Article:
Gentile Transformation: In Conversation with Wesley Hill

Gentile Transformation: In Conversation with Wesley Hill September 17, 2016

Over at the Spiritual Friendship blog Wesley Hill has raised an (the?) important question about what it meant for the early church to include Gentiles within its number and what the ramifications of this might be for modern day inclusion of LGBTQ people within the people of God.2015-Wes-Hill-Web-Profile-Photo

Some of us have argued that inclusion of the gentles provides a model for inclusion of LGBTQ people. In such an argument the idea is that God’s acceptance of the person as they are means that the peculiar identifying markers of that person’s identity do not have to be surrendered in order to belong to the body of Christ. Gentile Christians did not have to start acting like Jews. Gay Christians don’t need to start acting like celibates or straight people.

But of course, Gentiles did have to start acting like Christians. And this meant turning away from their (stereotyped) sinful lifestyles that included sexual immorality. There are a few passages that might make such a point. Hill points to 1 Corinthians 12 where Paul can speak of “Gentiles” as a past identity for the Corinthians (“When you were Gentiles you were led astray to mute idols”). He might have also invoked 1 Corinthians 6 on this score (“Don’t you know that wrongdoers won’t inherit the kingdom of God? Don’t be deceived, fornicators, idolaters, adulterers… will not inherit the kingdom of God. And such were some of you, but you were washed…”).

Hill says that the fact that being brought into the community meant a change in what it meant to be a Gentile is not sufficiently appreciated. Perhaps the “change” component does get short shrift in these conversations. But I don’t think that’s the key to landing the argument, either.

How Do We Know What to Do?

The counter-argument that Hill offers us really just brings us back to the baseline question over which the debate rages: is same-sex sexual activity inherently sinful?

Is it, therefore, a marker of a life lived outside of Christ, under the sway of the flesh and the powers of sin and death? Or is it something that was, instead, once thought to be sinful, but which God’s people today can participate in with a good conscience?

The question behind the question is, How do we know what God wants us to do?

The reason that the inclusion of the Gentiles is so important is that it shows us a surprising answer to that question. We can’t know what God wants us to do simply by listening to what God has already said in the past. We have to take what we have heard from God in the past and measure it alongside what God is also doing in the present.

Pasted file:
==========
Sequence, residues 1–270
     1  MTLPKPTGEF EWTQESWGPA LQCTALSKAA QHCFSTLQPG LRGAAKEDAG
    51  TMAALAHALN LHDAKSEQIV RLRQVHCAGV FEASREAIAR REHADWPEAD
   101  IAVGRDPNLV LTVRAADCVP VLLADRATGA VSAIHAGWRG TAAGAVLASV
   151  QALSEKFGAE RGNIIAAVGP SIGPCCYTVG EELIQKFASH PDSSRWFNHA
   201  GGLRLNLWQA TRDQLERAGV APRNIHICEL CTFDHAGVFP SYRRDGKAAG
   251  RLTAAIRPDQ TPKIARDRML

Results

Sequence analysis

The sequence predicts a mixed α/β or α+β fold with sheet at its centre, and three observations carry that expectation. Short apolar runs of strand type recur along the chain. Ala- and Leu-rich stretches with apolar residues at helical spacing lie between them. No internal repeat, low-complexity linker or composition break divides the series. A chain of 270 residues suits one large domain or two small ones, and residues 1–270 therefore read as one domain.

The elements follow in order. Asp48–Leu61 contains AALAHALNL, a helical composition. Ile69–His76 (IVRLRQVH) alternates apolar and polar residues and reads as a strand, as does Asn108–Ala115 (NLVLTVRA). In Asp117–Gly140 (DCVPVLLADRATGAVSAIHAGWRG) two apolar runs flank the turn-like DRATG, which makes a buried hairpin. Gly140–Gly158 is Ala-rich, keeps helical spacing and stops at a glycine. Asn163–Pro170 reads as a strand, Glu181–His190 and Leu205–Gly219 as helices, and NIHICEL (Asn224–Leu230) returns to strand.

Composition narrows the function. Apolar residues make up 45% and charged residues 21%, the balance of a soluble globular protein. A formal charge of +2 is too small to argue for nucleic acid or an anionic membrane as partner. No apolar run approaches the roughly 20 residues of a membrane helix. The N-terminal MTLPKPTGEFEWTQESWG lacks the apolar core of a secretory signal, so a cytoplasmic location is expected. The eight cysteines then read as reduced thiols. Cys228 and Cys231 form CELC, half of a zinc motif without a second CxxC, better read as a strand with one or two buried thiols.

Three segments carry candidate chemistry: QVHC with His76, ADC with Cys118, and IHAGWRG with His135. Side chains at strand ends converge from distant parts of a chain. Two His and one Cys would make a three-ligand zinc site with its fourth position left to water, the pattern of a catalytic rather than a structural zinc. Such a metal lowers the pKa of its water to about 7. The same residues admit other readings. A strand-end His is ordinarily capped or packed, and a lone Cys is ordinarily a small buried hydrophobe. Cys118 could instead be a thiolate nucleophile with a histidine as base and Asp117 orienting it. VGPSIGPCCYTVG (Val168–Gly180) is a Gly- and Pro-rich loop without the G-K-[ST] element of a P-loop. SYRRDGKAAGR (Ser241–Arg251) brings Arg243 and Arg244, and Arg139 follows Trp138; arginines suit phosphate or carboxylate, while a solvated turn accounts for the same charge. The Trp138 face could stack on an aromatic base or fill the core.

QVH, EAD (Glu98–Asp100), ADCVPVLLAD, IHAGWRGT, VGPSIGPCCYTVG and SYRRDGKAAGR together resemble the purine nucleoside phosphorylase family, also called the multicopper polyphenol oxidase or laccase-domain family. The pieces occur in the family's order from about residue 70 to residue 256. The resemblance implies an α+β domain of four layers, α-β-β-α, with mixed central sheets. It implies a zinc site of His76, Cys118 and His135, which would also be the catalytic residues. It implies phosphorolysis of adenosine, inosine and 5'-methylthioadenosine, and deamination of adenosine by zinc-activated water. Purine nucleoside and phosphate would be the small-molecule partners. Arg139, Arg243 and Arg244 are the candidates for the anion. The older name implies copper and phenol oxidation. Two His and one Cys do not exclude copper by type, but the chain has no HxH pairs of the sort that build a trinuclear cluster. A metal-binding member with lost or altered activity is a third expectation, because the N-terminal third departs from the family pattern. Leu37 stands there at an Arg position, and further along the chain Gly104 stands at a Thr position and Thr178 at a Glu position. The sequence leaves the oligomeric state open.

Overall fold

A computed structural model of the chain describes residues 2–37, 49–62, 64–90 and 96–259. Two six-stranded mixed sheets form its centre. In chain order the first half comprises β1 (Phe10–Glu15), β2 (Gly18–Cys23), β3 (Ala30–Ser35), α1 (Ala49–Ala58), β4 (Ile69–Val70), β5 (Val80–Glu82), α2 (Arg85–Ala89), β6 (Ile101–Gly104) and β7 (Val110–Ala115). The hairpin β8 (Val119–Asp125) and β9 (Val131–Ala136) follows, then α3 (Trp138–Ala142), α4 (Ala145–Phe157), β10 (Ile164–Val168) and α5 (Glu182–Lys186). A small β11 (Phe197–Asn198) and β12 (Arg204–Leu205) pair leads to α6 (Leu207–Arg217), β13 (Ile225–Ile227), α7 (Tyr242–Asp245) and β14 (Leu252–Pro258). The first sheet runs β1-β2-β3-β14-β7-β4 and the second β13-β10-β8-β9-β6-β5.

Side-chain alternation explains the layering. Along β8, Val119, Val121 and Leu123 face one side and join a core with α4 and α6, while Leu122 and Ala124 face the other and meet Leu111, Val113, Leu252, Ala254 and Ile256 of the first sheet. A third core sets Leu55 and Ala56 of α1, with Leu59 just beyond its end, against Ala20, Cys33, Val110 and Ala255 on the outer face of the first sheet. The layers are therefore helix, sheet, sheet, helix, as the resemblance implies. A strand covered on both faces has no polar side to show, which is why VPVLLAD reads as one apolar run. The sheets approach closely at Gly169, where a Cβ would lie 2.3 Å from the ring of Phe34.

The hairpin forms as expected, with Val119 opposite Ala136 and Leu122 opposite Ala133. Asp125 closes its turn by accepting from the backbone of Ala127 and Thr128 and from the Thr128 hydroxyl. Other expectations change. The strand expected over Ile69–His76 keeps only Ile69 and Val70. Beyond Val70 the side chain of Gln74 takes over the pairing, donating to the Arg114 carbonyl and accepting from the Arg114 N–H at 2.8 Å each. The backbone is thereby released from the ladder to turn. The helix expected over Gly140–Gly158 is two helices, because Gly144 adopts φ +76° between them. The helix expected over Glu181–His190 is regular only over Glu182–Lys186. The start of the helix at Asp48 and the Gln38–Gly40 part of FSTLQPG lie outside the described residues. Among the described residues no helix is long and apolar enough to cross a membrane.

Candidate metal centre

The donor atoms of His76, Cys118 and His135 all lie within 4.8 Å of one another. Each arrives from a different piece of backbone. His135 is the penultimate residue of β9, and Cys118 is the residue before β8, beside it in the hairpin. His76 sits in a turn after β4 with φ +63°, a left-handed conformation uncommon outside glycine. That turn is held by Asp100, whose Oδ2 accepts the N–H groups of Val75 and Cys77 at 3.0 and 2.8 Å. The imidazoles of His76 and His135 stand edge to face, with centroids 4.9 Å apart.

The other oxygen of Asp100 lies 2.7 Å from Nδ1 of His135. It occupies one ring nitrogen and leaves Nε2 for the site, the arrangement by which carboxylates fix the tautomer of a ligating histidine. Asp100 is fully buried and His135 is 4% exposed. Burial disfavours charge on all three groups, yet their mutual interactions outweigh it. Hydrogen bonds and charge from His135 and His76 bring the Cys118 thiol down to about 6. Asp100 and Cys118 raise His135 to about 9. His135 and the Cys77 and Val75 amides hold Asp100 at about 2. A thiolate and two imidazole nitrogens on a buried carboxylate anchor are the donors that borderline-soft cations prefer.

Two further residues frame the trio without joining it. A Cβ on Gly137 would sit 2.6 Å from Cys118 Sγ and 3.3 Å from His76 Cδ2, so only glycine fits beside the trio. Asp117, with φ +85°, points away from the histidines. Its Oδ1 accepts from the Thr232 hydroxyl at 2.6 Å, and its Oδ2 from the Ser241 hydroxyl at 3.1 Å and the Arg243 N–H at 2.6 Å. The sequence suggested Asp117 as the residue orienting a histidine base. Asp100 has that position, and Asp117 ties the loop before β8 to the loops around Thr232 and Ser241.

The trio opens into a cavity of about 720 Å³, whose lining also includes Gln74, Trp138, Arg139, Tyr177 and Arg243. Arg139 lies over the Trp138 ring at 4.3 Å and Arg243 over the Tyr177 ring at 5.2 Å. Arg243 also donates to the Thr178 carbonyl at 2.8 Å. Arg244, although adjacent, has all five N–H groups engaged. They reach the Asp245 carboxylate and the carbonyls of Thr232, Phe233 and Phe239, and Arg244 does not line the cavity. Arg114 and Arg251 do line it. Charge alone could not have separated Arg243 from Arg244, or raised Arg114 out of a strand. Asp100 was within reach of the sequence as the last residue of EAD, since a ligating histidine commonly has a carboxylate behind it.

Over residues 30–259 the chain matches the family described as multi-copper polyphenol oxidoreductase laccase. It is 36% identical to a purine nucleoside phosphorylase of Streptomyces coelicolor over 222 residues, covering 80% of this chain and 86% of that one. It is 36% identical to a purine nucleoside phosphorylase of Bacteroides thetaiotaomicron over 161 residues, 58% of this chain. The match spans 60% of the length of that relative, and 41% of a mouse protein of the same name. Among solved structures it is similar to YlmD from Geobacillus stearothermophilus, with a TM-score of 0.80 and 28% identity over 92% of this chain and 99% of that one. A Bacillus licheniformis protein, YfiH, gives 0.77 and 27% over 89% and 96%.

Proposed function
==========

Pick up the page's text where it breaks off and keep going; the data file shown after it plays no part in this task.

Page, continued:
The great surprise about the inclusion of the Gentiles isn’t that they were included in the people of God, but that they were included without having to become obedient to the Torah in the same way that Jews had been.

To sharpen that point a bit: the change in composition of the people of God transformed what it meant to live a godly life. The ethics of the people of God actually changed because God, by the Spirit, showed that these Gentiles were acceptable to God without their living up to, or conforming to, the ethical standards of the people of God as those ethical standards had previously been established to mark God’s people out as holy.

I think that most of us in the Evangelical world grow up with a sense of deep continuity across the biblical story. We tend to look at the inclusion of the Gentiles, from a gut and maybe even mental level, as something that is clearly “What God was up to all along,” something that only does away with “incidental” matters of Jewish “ceremonial law.”

Each of these assumptions is wrong.

Gerbrand van den Eeckhout, "Vision of Cornelius the Centurion"
Gerbrand van den Eeckhout, “Vision of Cornelius the Centurion”

When the early church tells Gentiles that they don’t have to keep food laws, they are not only abandoning whole chapters of biblical instruction, they are not only doing away with a defining marker that set God’s people apart from an idolatrous world, they are also doing away with a whole way of being that was supposed to mark Israel as sharing in and putting on display God’s own character: “Be holy, because I am holy.” That’s what food laws were all about.

When the early church tells Gentiles that they don’t have to be circumcised, they are engaging in a massive revision of the provisions of the Abrahamic covenant, whose stipulations say that anyone who is not circumcised will be cut off from God’s people forever. Not only this, but when the prophet Ezekiel looks to the future ingathering of the nations (i.e., what’s being fulfilled in Paul’s ministry!), foreigners have to be circumcised not only in heart but also in flesh to be able to enter God’s sanctuary.

When the early church tells Gentiles that they don’t have to keep Sabbath, they remove any possibility of creating some category called “moral law” that remains constant across history for all times and places. The Sabbath was part of the Decalogue, the words Gods spoke and inscribed on tablets. The Sabbath was a marker of both creation and redemption. Breaking Sabbath was so serious it was punishable by death. And, when Isaiah looks to the eschatological future (i.e., the time being fulfilled in Paul’s ministry!) he sees Sabbath keeping as one of the markers of God’s eschatological people—foreigners who are willing to keep Sabbath will be included.